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Women don’t report harassment or violence often enough, say advocates, police

Last Updated Feb 5, 2021 at 10:39 am PST

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Summary

Advocates, police want women to know there are safe channels to report abuse, harassment

Advocate says women often don’t feel safe reporting their abuse and the pandemic has made things worse

Thousands of women across Lower Mainland have come together in recent weeks to support one another

VANCOUVER (NEWS 1130) – If you’ve been a victim of violence, harassment, or even unwanted behavior, police and advocates want you to know there are safe and anonymous channels to report your experiences.

In recent days, thousands of women across the Lower Mainland have come together online to support one another in the wake of two high-profile disappearances but it seems few have taken their concerns to investigators.

Sgt. Judy Bird with the Abbotsford Police Department says she’s constantly fielding misinformation being spread online but few phone calls to police.

She also says much of what is currently circulating on social media is inaccurate.

Patti Macahonic, executive director of Ann Davis Transition Society, says women often don’t feel safe reporting their abuse and the pandemic has made things worse.

“It’s creating a pressure cooker for people and it’s creating mental health issues … and we’re seeing it played out with violence against women,” she says.

While foul play has not been ruled out in the recent disappearances, it also has not been linked to either case. However, the nature of the disappearances and relatively close timing of each has left many women on edge and fearing for their own safety.

The events have sparked an online group that has ended up gathering stories of violence against women, tips on potentially dangerous people in the community, and tricks to stay safe and defend ones’ self.

Kelley Hanson is the group’s moderator and says she has been shocked by the stories people are sharing, especially given how many are of recent violent or harassing encounters.

Thousands of people joined her Facebook group within the first 48 hours. She says she and moderators are diligently checking each person they let in is a real person without ill-intention as best as they can.

“Another 2,000 women are still pending to be accepted into this group. So it’s really an eye-opener to see how scared women are. It’s quite shocking,” Hanson adds.

“The goal’s encouraging them that if we do see something that’s happening to report it. Because I do notice a lot of women aren’t reporting everything that’s going on right now,” she says. “I feel a lot of the girls think the cops aren’t going to do anything about it so they don’t report.”

Hanson is trying to change the focus of the group to help women document safety issues and concerns as they come up and hopes it will be used as a resource more than a storytelling platform.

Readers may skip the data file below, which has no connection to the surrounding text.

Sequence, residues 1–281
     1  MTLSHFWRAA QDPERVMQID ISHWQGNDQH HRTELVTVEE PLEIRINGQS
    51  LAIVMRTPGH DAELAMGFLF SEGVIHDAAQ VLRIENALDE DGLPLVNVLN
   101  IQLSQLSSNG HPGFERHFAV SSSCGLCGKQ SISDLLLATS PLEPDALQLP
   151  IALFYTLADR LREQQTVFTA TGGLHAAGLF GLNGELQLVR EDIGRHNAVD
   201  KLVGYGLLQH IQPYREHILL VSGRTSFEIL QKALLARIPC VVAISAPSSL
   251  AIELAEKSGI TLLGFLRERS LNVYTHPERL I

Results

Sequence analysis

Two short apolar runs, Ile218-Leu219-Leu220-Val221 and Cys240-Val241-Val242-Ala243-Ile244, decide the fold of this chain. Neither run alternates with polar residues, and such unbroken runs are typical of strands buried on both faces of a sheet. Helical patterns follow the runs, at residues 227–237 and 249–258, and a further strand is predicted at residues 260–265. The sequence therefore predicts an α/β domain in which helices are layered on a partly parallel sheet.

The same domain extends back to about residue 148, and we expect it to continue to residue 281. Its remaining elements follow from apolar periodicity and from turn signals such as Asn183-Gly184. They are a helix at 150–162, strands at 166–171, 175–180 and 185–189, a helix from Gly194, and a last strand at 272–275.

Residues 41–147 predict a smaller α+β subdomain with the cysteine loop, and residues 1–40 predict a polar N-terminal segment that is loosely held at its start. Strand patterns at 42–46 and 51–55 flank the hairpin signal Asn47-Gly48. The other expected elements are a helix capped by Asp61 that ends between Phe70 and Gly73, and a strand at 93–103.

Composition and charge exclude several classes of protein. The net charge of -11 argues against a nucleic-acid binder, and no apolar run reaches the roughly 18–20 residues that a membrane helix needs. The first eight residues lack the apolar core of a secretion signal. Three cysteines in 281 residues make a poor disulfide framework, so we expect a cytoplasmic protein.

She wants to make sure people know non-binary and trans people are welcome but so far she has chosen to keep not allow men into the group for the comfort of women seeking support.

Trans and non-binary people, as well as others in the LGBTQ+ umbrella, are often the targets of violence and hateful acts, including murder and Indigenous women, are killed and disappear at a much higher rate than non-Indigenous women.

She recognizes not all women feel safe speaking with police or sharing stories about their own vulnerability or trauma.

“We need to create a better system of making women feel comfortable to report and to feel safe in the end,” Hanson explains.

Women may fear retaliation, homelessness, and not being believed, and they may not trust police, particularly if they are a person of colour or Indigenous.

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Macahonic says the heightened fear that non-Indigenous women are feeling right now is something Indigenous women live with everyday.

“Everyone’s on edge right now. So families are telling their daughters, their wives, ‘Be very careful,’ and the thing is, Indigenous communities have to tell their daughters, their wives, their granddaughters to do this all the time because they’re at way higher risk and it doesn’t go away,” says Macahonic.

“It’ll only go away if we bring attention to it,” she explains.

She says calls to Ann Davis Transition Society are up more than 40 per cent and she points to police data showing a 23 per cent rise in domestic violence calls to Chilliwack RCMP.

The transition society recently created a safe place for women to report violence. Women can see a trauma-informed staff member trained to liaison with police 24-7.

“They’re able to come into a safe, culturally-appropriate space and report violence against them.”

She estimates 10 per cent of violence against women and trans people is reported.

“So if there’s some really bad guys out there … and women are too scared to report and not afforded a safe reporting place, those guys go unchecked and they’re free to keep doing the same things.”

She notes Indigenous women go missing six-times more often than non-Indigenous women, and that now is the time to come together to address the widespread violence against all women.

If you or someone you know is a victim of domestic violence, you can call any of the resources below:

Ann Davis Transition Society:

24/7 Help Line: 604-792-3116 or 604-391-1993

24/7 Text: 604-819-3557

VictimLink BC:

24/7 toll-free: 1-800-563-0808

Kids Help Phone:

Day or night: 1-800-668- 6868

Helpline for Children:

Anywhere in B.C., 24/7: 310-1234

If you or someone you know is in imminent danger from abuse or assault, call 9-1-1